Friday 17

Demonstrations by ethnic artists will be given from 11 to 1:30 today on the concourse level of the State of Illinois Center, 100 W. Randolph. Ukrainian egg decorating, Latvian weaving, Jewish and Polish paper cutting, native American drawings, and Norwegian rosemaling will be showcased by the Illinois Artisans Shop, which is located on the second floor overlooking the concourse and is a treasure trove of artist-made goods. Free; more at 917-5321.

Phil and Blanche, songwriters for the local (and late) fave group Phil ‘n’ the Blanks (one critic described them as “a thinking person’s dance band”), have regrouped as Wild Kingdom and make their debut at 10 tonight at Gaspars, 3159 N. Southport. Also, keep your eyes and ears peeled for their first video, “Stop-Stop,” to be released soon. $5 cover; 871-6680 for details.

The announcement of Marilyn’s Wake includes a card of the kind that commemorates Catholic funerals: on one side is a picture of Saint Francis of Assisi chatting with a branchful of birds, on the other a rather dreadful poem and the information that Marilyn the dog bought the farm on February 27, 1987, with her funeral planned for midnight tonight at Zoroya’s Funeral Parlor, 1702 S. Jefferson. Tom Zoroya is apparently a grown-up who does murals and installation pieces, so I think we can trust that this will not be a real pet funeral but something with pretensions toward art. You can be the judge of whether they are realized. Free, with details on Marilyn’s Wake at 738-3442.

Saturday 18

Seeing birds is not the same as watching birds, apparently. Paul Kallman of the Chicago Audubon Society will elaborate on the topic of field identification techniques in a slide lecture and guided walk for new bird-watchers from 8 AM to noon today at the North Park Village Nature Center, 5801 N. Pulaski. BYO binoculars (a few pairs will be available for loan). The event is free but preregistration is requested: 583-8970.

The Lincoln Park Zoological Society throws its annual members’ Easter party from 10:30 to noon in the zoo’s Large Mammal Habitat, 2200 N. Cannon Drive. This is the kind of thing you need to pay attention to if you want your city kid to grow up with a sense of roots and tradition (not to mention a major Photo Opportunity — the little woozums with the Easter bunny). Members are invited free; memberships are $25 for individuals, $35 for families, and will be sold the day of the party. Further details at 935-6700.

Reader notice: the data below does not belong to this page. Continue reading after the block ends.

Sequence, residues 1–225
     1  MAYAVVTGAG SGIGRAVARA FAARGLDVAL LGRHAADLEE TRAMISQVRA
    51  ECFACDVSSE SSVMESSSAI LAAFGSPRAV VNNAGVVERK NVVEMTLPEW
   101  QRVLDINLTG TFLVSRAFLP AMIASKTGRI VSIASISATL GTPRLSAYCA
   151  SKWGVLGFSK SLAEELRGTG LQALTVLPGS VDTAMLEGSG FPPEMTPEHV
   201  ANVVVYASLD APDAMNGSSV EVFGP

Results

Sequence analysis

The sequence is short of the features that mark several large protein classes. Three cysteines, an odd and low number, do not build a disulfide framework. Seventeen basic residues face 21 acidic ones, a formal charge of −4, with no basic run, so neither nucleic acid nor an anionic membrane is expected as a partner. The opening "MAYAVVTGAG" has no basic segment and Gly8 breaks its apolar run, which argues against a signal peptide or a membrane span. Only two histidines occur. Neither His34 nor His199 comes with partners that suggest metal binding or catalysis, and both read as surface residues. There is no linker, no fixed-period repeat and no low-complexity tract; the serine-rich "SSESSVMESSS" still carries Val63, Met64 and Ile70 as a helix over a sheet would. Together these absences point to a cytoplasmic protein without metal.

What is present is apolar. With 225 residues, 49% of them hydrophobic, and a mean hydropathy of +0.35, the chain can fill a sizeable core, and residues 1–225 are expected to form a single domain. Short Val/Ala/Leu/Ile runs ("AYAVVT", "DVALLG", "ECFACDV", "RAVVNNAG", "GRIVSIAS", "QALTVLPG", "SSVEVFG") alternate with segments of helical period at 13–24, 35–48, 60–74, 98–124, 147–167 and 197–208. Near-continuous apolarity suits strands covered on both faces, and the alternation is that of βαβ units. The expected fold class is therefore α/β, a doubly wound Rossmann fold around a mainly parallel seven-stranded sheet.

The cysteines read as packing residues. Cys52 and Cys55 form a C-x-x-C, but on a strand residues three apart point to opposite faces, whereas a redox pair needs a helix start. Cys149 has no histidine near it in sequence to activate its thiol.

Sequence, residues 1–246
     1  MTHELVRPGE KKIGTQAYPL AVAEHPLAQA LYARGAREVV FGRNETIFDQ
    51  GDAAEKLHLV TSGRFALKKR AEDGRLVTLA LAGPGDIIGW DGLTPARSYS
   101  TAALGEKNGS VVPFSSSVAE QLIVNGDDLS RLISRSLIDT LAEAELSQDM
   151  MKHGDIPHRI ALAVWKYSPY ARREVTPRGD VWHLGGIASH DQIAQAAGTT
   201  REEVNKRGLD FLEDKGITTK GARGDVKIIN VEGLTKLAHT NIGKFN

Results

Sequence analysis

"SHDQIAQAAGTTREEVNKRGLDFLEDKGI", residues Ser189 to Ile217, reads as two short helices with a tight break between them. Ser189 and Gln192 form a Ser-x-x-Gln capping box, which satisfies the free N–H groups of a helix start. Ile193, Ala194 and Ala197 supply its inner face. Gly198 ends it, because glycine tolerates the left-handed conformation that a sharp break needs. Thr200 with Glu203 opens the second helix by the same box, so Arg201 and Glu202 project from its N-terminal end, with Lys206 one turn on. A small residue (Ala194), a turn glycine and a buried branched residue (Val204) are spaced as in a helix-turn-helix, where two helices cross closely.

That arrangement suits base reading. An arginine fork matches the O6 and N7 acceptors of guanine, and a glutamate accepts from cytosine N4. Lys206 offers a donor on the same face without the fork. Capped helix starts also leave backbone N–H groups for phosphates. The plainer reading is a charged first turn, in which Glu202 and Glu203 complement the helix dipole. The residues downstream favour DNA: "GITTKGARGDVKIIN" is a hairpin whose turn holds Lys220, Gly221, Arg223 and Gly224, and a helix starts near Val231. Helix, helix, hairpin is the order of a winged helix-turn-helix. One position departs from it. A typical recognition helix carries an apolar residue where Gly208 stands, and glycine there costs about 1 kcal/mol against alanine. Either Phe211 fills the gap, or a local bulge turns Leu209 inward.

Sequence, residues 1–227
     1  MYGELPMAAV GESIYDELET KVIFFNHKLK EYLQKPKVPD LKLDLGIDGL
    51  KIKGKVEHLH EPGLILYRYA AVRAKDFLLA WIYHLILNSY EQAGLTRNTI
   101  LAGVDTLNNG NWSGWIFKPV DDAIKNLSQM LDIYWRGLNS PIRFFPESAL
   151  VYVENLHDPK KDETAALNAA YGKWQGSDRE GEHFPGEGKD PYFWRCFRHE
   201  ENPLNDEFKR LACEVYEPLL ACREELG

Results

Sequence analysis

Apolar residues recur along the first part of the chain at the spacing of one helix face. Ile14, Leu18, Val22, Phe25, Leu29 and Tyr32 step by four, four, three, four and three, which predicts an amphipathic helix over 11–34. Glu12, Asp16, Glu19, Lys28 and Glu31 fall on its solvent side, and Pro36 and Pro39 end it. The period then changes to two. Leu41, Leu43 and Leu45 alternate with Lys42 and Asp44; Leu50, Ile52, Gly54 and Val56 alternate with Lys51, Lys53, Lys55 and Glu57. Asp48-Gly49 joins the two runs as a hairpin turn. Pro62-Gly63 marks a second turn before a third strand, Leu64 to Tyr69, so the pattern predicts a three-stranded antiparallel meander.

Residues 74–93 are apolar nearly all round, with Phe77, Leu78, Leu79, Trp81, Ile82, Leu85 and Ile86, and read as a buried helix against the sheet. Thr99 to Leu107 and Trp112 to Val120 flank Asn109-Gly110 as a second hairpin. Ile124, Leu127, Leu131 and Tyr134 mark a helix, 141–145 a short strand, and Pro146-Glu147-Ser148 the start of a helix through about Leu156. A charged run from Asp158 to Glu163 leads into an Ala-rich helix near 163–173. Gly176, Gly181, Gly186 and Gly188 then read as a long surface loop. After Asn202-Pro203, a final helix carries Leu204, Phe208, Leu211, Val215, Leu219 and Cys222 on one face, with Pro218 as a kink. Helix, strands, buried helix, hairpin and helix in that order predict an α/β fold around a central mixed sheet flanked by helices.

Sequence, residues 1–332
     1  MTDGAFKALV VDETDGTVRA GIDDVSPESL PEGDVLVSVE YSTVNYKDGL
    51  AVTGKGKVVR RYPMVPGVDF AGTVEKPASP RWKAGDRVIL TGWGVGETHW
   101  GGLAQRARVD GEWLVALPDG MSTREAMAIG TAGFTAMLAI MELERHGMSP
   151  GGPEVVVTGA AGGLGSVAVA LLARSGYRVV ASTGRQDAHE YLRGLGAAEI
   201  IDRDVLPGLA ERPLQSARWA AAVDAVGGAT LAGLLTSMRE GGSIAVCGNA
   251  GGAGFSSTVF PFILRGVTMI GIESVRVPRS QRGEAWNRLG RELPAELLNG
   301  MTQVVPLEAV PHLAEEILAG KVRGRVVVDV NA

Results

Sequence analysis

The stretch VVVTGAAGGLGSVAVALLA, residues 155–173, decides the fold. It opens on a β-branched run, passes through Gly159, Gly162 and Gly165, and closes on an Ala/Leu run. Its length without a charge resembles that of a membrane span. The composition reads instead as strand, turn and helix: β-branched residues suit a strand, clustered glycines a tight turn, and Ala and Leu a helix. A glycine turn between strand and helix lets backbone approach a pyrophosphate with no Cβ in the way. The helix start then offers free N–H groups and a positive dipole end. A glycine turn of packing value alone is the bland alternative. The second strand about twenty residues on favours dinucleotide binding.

The Brookfield Zoo is also planning some Easter Eggcitement, which starts with an Easter parade led by Mr. and Mrs. Bunny and the zoo’s Clydesdale wagon at 1 today and tomorrow, 8400 W. 31st Street in Brookfield. Other activities today include the longest bunny hop in the world and a magic show; tomorrow’s special event is the Easter bonnet contest, plus more magic. Admission is $2.25, 75 cents for children 6 to 11; 485-0263.

Graham Chapman, a founding member of Monty Python (the one whose name is spelled Raymond Luxury-Yacht but is pronounced Throat Warbler-Mangrove), presents “And Now for Something Completely Different,” a history of the troupe in video clips. It’ll be staged at 7:30 this evening at Park West, 322 W. Armitage. Admission is $15, with a two-drink minimum. More at 929-5959.

Sunday 19

The North Branch Prairie Project is looking for a few (or more) good men and women to help restore and manage the Somme Woods Prairie with a workday and picnic that starts at 9 AM. Sounds like a fitting and pleasant way to celebrate resurrection and life, whatever your persuasion and regardless of whether you are thinking religiously, seasonally, or ecosystematically. Take Dundee Road west from the Edens to Waukegan Road; turn north and you’re there. More information at 775-5003, 475-4335, or 969-5812.